Assume that the continuous random variable $X$ has a distribution (in a closed form expression) with differential entropy $h(X)$.

Q) Then, is it true for any continuous distribution that the log-standard deviation is additively separable from the entropy expression s.t. $$h(X) = \log \sigma + C,$$ where $\sigma$ is the standard deviation of distribution and $C$ may be a function of parameters of distribution? If my claim is false for some continuous distributions, then for what family of distributions exactly does the claim hold?

I emphasize that when $\sigma$ is dependent on a shape parameter of the distribution, the shape parameter must fixed so that varying $\sigma$ only varies the "spread'' of distribution. Let me illustrate with a few examples.

For a Gaussian random variable $X$, we see \begin{align} h(X)=\log(\sigma \sqrt{2 \pi e}) = \log \sigma + C, \end{align} where $C = \log \sqrt{2 \pi e}$.

For an Erlang random variable $X$, we see \begin{align} h(X) &= \frac{1}{\psi(k)}(1-k) + \log \frac{\Gamma(k)}{\lambda} + k, \\ &= \log \frac{\Gamma(k) \sigma}{\sqrt{k}}+ \frac{1}{\psi(k)}(1-k) + k \\ &= \log { \sigma}+ C, \end{align} where $k$ is the shape parameter and $C = \log \frac{\Gamma(k)}{\sqrt{k}}+ \frac{1}{\psi(k)}(1-k) + k $. Notice how I used the fact that $k$, a shape parameter, is fixed but $\lambda$ may be not when $\sigma$ is varied.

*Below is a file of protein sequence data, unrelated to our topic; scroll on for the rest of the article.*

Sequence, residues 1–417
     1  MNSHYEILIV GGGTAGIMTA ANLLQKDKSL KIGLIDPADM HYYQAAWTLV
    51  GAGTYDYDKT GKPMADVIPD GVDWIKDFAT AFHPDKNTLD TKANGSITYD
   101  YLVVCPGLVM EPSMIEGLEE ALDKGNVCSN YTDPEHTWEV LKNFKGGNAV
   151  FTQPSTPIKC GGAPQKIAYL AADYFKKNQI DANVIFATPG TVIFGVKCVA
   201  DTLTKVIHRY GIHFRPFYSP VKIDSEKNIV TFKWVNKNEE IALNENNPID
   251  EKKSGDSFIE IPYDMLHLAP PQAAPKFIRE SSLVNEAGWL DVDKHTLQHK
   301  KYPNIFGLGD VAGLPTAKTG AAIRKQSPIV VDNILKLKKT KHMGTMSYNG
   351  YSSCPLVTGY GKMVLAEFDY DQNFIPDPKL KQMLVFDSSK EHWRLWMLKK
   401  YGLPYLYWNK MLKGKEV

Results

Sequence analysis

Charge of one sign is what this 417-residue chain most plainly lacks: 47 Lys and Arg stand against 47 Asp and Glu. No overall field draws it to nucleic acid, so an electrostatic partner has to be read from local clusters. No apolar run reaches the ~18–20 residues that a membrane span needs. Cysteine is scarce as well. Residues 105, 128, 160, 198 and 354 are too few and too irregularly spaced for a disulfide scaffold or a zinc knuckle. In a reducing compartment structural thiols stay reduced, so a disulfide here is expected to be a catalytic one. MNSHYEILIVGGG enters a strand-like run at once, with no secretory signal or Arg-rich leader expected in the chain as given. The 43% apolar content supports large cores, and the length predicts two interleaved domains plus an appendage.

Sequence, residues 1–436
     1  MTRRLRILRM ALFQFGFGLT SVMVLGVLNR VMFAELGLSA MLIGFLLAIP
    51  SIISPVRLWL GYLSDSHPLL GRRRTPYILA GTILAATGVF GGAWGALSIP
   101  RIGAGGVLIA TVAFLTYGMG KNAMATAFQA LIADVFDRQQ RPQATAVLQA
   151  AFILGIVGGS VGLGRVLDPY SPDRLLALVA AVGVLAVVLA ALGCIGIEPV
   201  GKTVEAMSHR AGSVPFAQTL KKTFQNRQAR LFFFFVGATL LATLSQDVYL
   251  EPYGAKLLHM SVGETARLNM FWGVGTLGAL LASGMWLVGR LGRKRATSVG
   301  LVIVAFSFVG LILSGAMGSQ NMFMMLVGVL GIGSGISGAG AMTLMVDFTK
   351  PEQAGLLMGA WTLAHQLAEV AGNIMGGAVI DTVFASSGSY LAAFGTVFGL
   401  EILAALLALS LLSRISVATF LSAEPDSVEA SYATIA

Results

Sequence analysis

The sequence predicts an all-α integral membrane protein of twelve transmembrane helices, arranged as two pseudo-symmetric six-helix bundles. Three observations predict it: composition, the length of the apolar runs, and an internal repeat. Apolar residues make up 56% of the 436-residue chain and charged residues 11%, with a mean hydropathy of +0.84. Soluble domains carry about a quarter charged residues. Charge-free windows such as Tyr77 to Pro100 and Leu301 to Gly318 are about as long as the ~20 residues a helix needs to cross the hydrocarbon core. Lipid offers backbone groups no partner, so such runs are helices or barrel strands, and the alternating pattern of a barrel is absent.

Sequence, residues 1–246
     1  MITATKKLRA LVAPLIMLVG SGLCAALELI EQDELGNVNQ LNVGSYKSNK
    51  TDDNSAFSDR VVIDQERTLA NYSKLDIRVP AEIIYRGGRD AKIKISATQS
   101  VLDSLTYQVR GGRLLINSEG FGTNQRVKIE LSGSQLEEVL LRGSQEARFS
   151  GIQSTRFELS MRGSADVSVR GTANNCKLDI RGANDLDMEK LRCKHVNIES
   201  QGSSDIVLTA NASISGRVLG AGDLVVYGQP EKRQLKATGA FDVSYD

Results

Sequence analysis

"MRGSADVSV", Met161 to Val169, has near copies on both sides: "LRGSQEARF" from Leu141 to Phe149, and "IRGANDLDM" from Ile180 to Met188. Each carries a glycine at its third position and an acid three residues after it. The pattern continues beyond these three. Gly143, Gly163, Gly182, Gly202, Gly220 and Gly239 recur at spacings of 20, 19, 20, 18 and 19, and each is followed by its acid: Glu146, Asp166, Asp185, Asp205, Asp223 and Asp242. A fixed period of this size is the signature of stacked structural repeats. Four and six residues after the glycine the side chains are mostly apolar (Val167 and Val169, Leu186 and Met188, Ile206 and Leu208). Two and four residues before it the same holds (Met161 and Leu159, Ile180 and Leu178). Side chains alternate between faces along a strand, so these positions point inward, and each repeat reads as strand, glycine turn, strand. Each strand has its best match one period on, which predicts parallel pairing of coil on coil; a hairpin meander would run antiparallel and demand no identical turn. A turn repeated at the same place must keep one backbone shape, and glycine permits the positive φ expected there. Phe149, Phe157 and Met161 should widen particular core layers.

• $\begingroup$ I do not understand completely. Do you mean to say that $h(X) = \log \sigma + C$,where $C$ shouldn't depend on $\sigma$? What about this en.wikipedia.org/wiki/Cauchy_distribution? $\endgroup$ – Kumara Feb 22 '13 at 5:24
  • $\begingroup$ I am sorry that I didn't include the condition but I am assuming that the variance of the distribution is finite. $\endgroup$ – tatterdemalion Feb 22 '13 at 13:22

If $\sigma$ only affects the "spread" of $X$, as you require, then you can write $X = \mu + \sigma Y$, where the distribution of $Y$ does not depend on $\mu$ or $\sigma$. In that case you have indeed $h(X) = h(\sigma Y) = h(Y) + \log \sigma$.

  • $\begingroup$ What do you mean by spread? $\endgroup$ – Kumara Feb 25 '13 at 6:11

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